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Review: Pitch Perfect

'Damned good genre entertainment. I laughed my pianissimo off.'

 

I don’t want to sound sexist, but I think that the only way Pitch Perfect could have been better is if they recast all the actresses as men and repackaged it as the origin of Rockapella. That way, in the sequel (fingers crossed), they stop Carmen Sandiego before she ransacks Pakistan, runs a scam in Scandinavia, sticks ‘em up down under and pickpockets Perth.

But that is the only way that I could recommend this feel-good doo-wopping movie more than I already am. Pitch Perfect looks for all the world like the kind of lowest common denominator music-based comedy with a “believe in yourself” message that we all grew sick of halfway through Sister Act 2: Back in the Habit, and sure enough, that’s exactly what it is, but with a sharper screenplay, memorable characters and more vomit than you’d usually find on an episode of “Glee,” the film’s closest relation in the pop culture consciousness.

That said, and unlike “Glee,” a show whose strengths lie in repurposing pop songs for otherwise unquantifiable adolescent expression, the music in Pitch Perfect seems kind of incidental. It’s enough that there is music, and that these a cappella groups are pretty good at performing it. These are not confused youngsters yearning to convey their confusing emotions and overcome their harsh surroundings, they are fully-formed adults (almost) who are seeking camaraderie within a competitive setting and experimenting with new pursuits in a college environment wherein actual studying runs distant third behind romance and extracurricular activities. In other words, they are fully believable college freshmen.

The plot, he writes as he pads the review with information you could easily find on IMDb, involves a rebellious college student played by Anna Kendrick who wants to forego her studies and move to California to pay her dues and become a proper DJ. Her father, who teaches at the university, agrees to finance this sojourn provided she gives the traditional college experience a fair chance for a whole year, and participate in at least one extracurricular activity beyond tidying the campus radio station. After getting ambushed in the shower by an a cappella enthusiast in need of new members for her waning musical act, our heroine embarks on an eye-rolling tour of the strange and alien world of vocalists with no other passions besides covering pop tunes entirely with their mouths.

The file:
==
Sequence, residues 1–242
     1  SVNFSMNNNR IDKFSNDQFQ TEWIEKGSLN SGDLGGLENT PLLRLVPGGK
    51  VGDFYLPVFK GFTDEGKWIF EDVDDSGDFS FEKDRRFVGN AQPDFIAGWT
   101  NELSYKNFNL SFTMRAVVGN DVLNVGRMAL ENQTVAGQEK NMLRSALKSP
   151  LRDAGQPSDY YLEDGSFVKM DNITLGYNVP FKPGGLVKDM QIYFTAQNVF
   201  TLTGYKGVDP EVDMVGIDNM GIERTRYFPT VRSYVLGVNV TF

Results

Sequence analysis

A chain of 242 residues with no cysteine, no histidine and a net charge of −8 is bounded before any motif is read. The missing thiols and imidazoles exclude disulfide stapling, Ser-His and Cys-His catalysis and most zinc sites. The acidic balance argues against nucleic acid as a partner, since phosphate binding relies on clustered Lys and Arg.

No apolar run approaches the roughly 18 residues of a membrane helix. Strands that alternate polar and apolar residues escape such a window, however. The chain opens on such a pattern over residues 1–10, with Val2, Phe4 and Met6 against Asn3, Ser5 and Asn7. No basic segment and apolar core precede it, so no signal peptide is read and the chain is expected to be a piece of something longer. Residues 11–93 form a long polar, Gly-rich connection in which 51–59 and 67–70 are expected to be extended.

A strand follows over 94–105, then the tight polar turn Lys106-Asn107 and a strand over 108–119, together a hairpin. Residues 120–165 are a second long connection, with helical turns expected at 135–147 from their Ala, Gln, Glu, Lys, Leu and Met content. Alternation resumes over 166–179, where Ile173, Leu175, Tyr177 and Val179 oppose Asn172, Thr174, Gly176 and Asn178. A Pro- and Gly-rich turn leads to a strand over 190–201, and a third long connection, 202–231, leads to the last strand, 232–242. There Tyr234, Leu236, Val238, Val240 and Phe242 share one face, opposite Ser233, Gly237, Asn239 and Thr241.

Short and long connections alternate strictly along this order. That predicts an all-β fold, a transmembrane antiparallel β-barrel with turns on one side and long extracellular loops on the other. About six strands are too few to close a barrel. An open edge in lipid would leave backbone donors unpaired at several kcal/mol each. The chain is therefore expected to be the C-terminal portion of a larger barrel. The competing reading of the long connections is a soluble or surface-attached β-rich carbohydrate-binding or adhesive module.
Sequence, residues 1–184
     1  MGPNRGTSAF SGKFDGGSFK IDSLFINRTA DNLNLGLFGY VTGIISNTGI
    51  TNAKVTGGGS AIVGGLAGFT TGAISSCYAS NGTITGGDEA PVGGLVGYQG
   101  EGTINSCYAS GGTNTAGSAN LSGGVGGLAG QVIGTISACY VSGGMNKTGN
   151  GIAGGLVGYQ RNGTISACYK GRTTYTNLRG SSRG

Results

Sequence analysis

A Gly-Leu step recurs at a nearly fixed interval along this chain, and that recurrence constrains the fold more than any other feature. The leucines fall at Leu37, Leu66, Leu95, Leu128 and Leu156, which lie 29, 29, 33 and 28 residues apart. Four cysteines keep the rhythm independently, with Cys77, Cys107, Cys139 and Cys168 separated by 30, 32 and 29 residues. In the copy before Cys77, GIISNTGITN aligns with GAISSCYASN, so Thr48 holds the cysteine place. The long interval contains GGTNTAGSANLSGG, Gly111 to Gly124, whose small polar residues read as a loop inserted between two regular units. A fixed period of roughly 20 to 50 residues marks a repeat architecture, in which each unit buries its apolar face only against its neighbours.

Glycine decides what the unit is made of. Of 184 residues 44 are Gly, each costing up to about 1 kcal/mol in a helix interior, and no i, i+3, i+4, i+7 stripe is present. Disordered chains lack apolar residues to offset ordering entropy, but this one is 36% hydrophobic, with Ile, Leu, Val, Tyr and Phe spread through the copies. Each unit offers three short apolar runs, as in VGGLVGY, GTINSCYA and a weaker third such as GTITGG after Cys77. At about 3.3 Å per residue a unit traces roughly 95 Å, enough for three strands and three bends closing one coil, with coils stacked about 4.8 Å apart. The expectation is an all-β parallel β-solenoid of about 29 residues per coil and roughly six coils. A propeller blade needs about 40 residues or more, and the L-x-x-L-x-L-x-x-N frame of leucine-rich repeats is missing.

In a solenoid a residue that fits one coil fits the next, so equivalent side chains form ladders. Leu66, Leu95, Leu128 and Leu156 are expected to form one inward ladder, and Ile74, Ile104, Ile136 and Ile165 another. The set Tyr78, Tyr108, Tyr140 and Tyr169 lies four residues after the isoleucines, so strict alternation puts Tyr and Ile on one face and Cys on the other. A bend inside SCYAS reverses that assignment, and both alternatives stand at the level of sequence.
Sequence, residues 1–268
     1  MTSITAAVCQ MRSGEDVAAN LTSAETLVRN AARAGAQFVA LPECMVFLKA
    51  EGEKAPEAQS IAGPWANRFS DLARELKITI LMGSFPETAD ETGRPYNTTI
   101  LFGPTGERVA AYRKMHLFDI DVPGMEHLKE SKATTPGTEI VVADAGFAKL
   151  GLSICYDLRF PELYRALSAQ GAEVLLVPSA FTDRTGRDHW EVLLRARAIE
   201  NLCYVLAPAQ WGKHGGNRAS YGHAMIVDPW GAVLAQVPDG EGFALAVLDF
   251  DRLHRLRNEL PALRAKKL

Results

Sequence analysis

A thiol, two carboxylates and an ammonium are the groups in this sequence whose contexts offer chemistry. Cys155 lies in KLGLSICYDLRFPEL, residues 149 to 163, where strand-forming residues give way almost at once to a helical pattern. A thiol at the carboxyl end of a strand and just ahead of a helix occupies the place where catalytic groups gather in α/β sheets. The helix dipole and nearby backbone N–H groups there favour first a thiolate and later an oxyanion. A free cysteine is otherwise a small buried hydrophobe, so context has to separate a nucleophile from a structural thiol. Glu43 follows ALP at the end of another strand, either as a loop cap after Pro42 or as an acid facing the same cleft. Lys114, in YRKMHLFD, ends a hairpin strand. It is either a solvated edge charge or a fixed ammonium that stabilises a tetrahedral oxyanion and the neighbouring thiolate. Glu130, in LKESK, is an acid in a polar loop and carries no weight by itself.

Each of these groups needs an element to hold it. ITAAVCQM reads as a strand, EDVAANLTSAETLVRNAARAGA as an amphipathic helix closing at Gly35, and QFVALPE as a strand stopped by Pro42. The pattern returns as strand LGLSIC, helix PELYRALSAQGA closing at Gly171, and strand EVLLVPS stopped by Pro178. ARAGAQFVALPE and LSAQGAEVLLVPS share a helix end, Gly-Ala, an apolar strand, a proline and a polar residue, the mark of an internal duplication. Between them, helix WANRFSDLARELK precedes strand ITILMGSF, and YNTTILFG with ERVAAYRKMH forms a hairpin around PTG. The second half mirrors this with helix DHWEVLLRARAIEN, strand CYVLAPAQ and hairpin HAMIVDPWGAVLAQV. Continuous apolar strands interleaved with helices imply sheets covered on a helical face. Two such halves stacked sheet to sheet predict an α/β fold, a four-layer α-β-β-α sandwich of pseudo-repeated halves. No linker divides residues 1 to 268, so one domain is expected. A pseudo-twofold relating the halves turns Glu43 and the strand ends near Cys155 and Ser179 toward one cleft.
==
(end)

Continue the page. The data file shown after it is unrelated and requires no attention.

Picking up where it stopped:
The conventional (but still effective) underdog sporting tropes bolster this plotline because… something has to happen, and to allow the talented cast to interact in ways that show off their comic and occasionally genuinely dramatic chops. Anna Kendrick engages in a largely believable romance with Skylar Astin, the world’s least-threatening and most available male, but also a guy with enough self-confidence to reject Kendrick after the renegade attitude by which she defines herself reveals a total lack of respect for his feelings. That’s one of Pitch Perfect’s greatest strengths. In this type of movie, the lone wolf who comes to redefine the musical act and/or sports team usually has to grow past their stifling parents or their lack of drive. Pitch Perfect bucks that trend by presenting a hero with obvious talent but a genuine lack of maturity, thinking herself above her peers when, in fact, her cynicism actually demonstrates the exact opposite. Bravo. Bravissimo.

So with the heroine’s character arc actually arcing for a change and the dramatic weight of the film actually showing up on a scale, Pitch Perfect is free to focus on the enjoyable supporting characters who each, like in bad movies of this stripe, have a single defining trait, but at least the traits are interesting. Fat Amy, played by Rebel Wilson, is the brunt of several anti-cardio jokes but she also enjoys a healthy sex life and is at least once seen as the object of the innate affection of multiple male swimsuit models. Lily, played by Hana Mae Lee, is the quiet one who inevitably belts out a surprisingly potent solo at the end, but only after inaudibly declaring that she starts fires just to feel joy and did a nickel in a maximum-security prison. The stuck-up leader, played by Anna Camp, attempts to stifle the heroine’s creativity but eventually embraces change… along with her barely controllable need to projectile vomit at nearly all times. These characters are, for the highly specific subgenre at hand at rate, novel at worst, and uniquely entertaining at best. That’s a win/win.

Okay, so Pitch Perfect isn’t exactly pitch perfect. You won’t learn anything valuable, it doesn’t introduce anything new to the cinematic medium and the world will remain largely the same after its release. It is, however, damned good genre entertainment. I laughed my pianissimo off, and that’s no small achievement for a film of any pedigree. What’s more, I never felt pandered to. This isn’t a blatant marketing cash grab, nor is it a celebration of negativity that simultaneously mocks and justifies antisocial behavior. This is a good movie. It feels good, it sounds good and, for about two hours, it makes life pretty good. Pitch Perfect sings.